Estonia's smallest school has 4, largest nearly 2,000 students

Linnamäe Russian Lyceum.
Linnamäe Russian Lyceum. Source: Tallinn Lasnamäe district government

The smallest school in Estonia this year is located in Mõisaküla where just four students will study. The country's largest school is the Linnamäe Russian Lyceum in Tallinn's Lasnamäe borough that will cater to nearly 2,000 students.

Arina was among students of grades one through six of the Linnamäe Russian Lyceum, set to cater to almost 2,000 students this year, to receive their textbooks on Friday, September 1.

"I want to learn to draw like an artist. So I can draw beautifully, become an artist and showcase my pretty drawings," she told ERR.

Jõelähtme resident Anton will also be attending first grade in the school from September, alongside several of his fellows from kindergarten.

"First of all, the school has a good reputation, it offers a wide variety of hobby activities. It is very convenient for the parents. They [students] can spend a few hours at the school after their scheduled classes, at least until 2 p.m., which allows for easier workday planning. I work nearby, while our third child attends kindergarten here. Logistics is an important aspect," Anton's mother Anna said.

While Anna is still worried about her child adjusting to school life, 12th-grader Anita is already nervous about spring state exams. She studied in an Estonian basic school but switched to a Russian-speaking one for high school.

"I found learning Estonian somewhat easier as the vocabulary is not that difficult for me. Estonians tend to use compound words for new things, which makes comprehension that much easier. Russian people rather invent a new word, which you need to then learn, understand," Anita said.

Even though the Linnamäe Russian Lyceum is the largest school in the country, principal Natalia Samoilova said she still cannot accept every applicant. Even now, the school's class sets go beyond the legal limit of 24 students per class.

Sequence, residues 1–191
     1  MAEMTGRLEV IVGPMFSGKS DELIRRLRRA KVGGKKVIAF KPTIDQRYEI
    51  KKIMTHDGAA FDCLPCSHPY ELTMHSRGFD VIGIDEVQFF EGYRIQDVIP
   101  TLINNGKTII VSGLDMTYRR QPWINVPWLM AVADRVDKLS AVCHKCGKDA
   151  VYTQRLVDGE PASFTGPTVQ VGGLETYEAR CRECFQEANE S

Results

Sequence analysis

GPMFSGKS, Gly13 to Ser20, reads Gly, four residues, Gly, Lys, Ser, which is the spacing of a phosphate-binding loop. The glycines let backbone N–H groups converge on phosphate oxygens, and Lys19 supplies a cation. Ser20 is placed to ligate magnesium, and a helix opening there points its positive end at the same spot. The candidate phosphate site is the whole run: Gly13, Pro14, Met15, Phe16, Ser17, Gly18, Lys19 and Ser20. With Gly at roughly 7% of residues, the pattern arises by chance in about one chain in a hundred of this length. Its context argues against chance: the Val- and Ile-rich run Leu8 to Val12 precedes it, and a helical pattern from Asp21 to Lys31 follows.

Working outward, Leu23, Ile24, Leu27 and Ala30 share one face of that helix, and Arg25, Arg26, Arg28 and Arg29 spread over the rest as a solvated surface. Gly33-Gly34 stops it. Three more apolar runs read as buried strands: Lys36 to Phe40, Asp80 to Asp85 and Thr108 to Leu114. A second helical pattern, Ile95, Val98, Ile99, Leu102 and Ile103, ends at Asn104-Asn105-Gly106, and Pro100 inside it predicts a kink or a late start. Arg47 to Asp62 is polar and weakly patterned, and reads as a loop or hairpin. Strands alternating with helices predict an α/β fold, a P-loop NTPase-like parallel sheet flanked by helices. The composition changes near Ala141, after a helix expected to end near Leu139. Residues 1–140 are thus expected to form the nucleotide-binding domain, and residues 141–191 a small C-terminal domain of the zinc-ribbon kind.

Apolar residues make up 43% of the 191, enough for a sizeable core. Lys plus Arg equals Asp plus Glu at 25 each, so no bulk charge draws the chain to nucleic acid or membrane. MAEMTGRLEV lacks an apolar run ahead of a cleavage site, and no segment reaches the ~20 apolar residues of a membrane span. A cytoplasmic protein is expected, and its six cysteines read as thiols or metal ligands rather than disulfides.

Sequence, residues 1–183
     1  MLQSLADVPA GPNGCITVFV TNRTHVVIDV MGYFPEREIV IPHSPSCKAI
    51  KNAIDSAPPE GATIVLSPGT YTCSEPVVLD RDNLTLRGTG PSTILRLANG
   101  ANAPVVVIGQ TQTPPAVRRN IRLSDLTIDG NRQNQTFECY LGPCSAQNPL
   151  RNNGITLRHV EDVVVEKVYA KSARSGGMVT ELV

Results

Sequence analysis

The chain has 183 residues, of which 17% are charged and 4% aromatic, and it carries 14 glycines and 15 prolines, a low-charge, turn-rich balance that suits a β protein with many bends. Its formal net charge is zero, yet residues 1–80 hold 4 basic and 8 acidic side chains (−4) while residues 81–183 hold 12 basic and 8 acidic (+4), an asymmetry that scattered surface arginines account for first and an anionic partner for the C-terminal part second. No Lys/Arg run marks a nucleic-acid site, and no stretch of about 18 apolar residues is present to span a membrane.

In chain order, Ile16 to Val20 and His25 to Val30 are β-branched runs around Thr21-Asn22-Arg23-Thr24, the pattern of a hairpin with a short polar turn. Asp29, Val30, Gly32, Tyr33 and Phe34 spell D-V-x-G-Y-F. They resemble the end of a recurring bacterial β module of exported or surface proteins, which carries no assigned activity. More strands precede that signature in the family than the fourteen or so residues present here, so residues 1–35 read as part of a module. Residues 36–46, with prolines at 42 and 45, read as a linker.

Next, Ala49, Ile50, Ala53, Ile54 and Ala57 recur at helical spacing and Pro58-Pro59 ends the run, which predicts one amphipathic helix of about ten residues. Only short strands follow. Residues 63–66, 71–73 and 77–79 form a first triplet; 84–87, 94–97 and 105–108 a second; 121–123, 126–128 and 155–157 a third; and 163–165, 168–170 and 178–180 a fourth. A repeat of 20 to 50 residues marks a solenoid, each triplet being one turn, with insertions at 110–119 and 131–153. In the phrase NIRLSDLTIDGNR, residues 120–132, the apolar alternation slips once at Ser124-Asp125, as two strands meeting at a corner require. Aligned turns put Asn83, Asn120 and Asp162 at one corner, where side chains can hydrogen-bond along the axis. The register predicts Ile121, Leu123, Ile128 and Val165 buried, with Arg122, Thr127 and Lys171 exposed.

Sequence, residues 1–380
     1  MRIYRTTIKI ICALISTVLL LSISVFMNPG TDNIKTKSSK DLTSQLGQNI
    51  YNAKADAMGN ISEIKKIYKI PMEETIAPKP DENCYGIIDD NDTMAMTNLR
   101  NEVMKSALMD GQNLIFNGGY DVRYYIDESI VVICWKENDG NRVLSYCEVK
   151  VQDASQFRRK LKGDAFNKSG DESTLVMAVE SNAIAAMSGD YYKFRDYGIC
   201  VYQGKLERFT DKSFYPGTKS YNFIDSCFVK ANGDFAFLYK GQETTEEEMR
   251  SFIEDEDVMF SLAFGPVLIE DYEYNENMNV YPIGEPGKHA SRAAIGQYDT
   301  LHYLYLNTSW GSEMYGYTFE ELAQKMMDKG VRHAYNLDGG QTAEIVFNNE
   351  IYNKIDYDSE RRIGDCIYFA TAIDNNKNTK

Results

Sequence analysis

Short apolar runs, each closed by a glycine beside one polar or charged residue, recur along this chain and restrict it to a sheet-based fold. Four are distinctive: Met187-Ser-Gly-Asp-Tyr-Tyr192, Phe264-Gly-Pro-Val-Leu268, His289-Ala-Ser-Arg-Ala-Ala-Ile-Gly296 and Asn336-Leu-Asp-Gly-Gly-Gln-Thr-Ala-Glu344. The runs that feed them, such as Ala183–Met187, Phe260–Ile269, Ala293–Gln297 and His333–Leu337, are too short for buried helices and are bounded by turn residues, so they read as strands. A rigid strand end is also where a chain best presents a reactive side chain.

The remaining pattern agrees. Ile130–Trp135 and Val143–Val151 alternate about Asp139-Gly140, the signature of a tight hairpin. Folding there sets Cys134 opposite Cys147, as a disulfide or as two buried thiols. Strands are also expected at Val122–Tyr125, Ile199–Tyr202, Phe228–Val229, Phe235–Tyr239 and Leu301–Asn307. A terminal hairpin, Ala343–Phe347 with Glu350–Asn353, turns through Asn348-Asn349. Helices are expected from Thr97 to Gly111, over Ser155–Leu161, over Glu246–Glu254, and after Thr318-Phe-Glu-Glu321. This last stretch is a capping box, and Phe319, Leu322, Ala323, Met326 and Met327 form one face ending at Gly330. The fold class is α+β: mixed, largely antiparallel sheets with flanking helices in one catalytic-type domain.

"The board of guardians decided we should not admit more than 28 children per first grade class. While we stretched it to 30 in some classes, we would not like to go beyond that. We do not want to admit more students to first grade, elementary school classes as every student needs an individual approach, attention from the teacher there," Samoilova said.

The school's greatest challenge for this year is to carry out a use of space analysis for how best to make use of the premises and do away with the evening shift. While the school has all the teachers it needs for this year, the situation is bound to become more difficult from next year when Russian schools' transition to teaching in Estonian is set to begin.

Two state high schools open in Narva

More than 700 students in the city of Narva started their academic years in two brand new state high schools. State schools promise Narva youths a better education and higher chances of being successful in Estonian society.

"So that every student who graduates from the Narva High School would have access to full self-realization in the Estonian society and would have no obstacles in terms of language proficiency or future educational choices. A systemic approach to career planning, support learning Estonian. No other Narva school offers such systems today," said Teivi Gabriel, principal of the Narva High School.

The other fully Estonian state high school in Narva will be temporarily housed at the former headquarters of the Kreenholm Manufactory. Its 170 students will move to the school's new building once it is finished approximately six months from now.

"Steel is hardened in adversity, as they say. But the main thing is to develop togetherness, to be able to create an Estonian speaking and feeling environment, not just study, but do everything else in Estonian," said Irene Käosaar," principal of the Narva Estonian High School.

The two new state schools said they did not have trouble finding teachers. People come to teach in Narva out of a sense of mission and when invited by brilliant colleagues.

"The team was the draw. Irene and Ruth are magnets for whom I'm willing to move to a new city. (What about the salary?) Let us say it is a facilitating factor, but since I still attend the University of Tartu, the gas money... well...," said Marie Tombu who teaches mathematics.

The state schools are taking charge of secondary education in the city, with Narva's four municipal schools continuing as basic schools.


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Editor: Marcus Turovski

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